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What do you do when there is an invalid charged-off debt?

What do you do when there is an invalid charged-off debt?

It’s nothing new to hear or see a dispute between the tax payers and the IRS. Of course, there are quite a few reasons behind the disputes, but most commonly these disputes involve examination and/or collection issues and also the different interpretations of tax law. The IRS reporting a charged-off account on the credit report also proves to be a great hassle for more reasons than one. Now, if you happen to be one of those whose credit report shows charged-off tax accounts and that too having been reported by the IRS, then it’s definitely worth disputing. In fact, if you sit on it without taking heed, then this’ll definitely have a negative impact on your credit rating and that can be far worse than not having accrued debt, yet souring your credit.

What’s a charge-off debt actually?

Before you get into surmises about what exactly charged-off debt is all about, it’s important for you to understand the concept behind a charged-off debt in the first place. A charge-off debt actually happens to be that debt which has been determined uncollectible by the original creditor and that’s usually done after the debtor is seriously delinquent. Now, it’s only after 6 months that charge-offs are known to occur. Moreover, creditors still have the right to collect on the charge-offs because the debt still remains valid. Charge-offs are also known to appear on your credit report at least for 7 years since the debt appears.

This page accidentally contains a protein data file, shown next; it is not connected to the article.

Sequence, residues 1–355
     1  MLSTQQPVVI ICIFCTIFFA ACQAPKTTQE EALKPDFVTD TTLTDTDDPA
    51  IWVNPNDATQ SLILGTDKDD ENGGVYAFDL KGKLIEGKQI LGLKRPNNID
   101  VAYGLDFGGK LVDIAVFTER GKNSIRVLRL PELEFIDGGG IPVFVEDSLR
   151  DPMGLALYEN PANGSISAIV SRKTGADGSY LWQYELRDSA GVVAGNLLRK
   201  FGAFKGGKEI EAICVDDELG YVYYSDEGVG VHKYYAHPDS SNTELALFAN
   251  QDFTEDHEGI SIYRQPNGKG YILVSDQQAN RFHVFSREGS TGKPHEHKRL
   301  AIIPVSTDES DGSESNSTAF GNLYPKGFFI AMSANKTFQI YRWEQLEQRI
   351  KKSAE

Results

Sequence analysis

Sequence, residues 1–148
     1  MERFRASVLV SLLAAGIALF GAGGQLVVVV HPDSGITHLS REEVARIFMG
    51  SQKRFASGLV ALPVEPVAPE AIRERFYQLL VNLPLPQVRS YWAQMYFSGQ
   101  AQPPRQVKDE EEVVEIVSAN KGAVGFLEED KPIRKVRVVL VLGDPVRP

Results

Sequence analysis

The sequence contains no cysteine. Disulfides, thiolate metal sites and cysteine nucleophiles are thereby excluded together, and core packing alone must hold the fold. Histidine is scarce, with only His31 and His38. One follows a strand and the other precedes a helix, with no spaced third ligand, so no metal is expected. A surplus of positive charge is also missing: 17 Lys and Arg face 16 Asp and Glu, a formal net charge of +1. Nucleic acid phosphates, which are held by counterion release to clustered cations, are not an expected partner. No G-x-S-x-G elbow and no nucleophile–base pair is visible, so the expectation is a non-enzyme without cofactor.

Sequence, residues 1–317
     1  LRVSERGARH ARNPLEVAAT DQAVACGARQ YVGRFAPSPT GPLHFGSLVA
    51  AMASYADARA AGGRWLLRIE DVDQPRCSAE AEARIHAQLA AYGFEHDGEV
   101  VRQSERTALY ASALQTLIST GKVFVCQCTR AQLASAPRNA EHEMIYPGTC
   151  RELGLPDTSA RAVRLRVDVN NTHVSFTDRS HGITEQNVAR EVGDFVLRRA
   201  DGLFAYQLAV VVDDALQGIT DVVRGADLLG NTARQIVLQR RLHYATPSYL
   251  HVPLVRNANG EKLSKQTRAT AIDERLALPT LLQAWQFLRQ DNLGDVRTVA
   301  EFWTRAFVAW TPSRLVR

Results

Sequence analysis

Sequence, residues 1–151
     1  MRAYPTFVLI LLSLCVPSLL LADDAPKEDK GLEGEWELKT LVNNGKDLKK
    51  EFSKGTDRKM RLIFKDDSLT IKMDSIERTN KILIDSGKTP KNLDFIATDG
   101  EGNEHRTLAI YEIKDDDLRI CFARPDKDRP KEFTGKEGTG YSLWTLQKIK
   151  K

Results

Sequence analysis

Hence, it’s obvious that you’d like to validate your debts before coming to any conclusion about whether or not you should dispute the charge-offs. Debt validation is necessary like you do when going for the programs aimed to solve your financial problems. In this case too, debt validation programs serve the purpose of telling you for sure whether or not you can dispute the charged-off account with the IRS.

How’ll you dispute a charged-off debt with the IRS?

As a taxpayer who’s looking to dispute a charged-off debt, it’s rather important that you evaluate all possible options before taking any conclusive steps. Have a look at the steps discussed below and you should know how you can dispute a charged-off debt with the IRS.

  1. Write out a formal protest: The very first thing you should do is write out a formal protest and request a review with the IRS Appeals Office. If an issue arises, then the IRS is bound to issue a Notice of Proposed Adjustment (NOPA), Form 5701 which details the position of the IRS regarding particular financial matters. You might as well reply to this by citing tax laws and other substantial evidences to support your position.

  1. Review alternative dispute methods: You should also try and review alternative dispute methods that might be available. Generally there are 4 alternate dispute resolution tools available at the IRS Appeals Office – early referral to appeals, fast track settlement, post appeals mediation and delegation orders. You can request the tax office for early referral to the Appeals Office.

  1. Look for the best method: It’s always advisable that you peruse for the best method when it comes to your particular case of disputing charged-off accounts. Advisably since it’s a dispute, hence you might as well take the assistance of a tax professional. The ultimate option of course remains litigation in a tax court or federal district court.

Keep in mind the above instances and steps when looking to dispute your charged-off debts with the IRS for unless you’re sure about what you’re doing, things can get even messier ultimately. Take heed now and conclude things smoothly.

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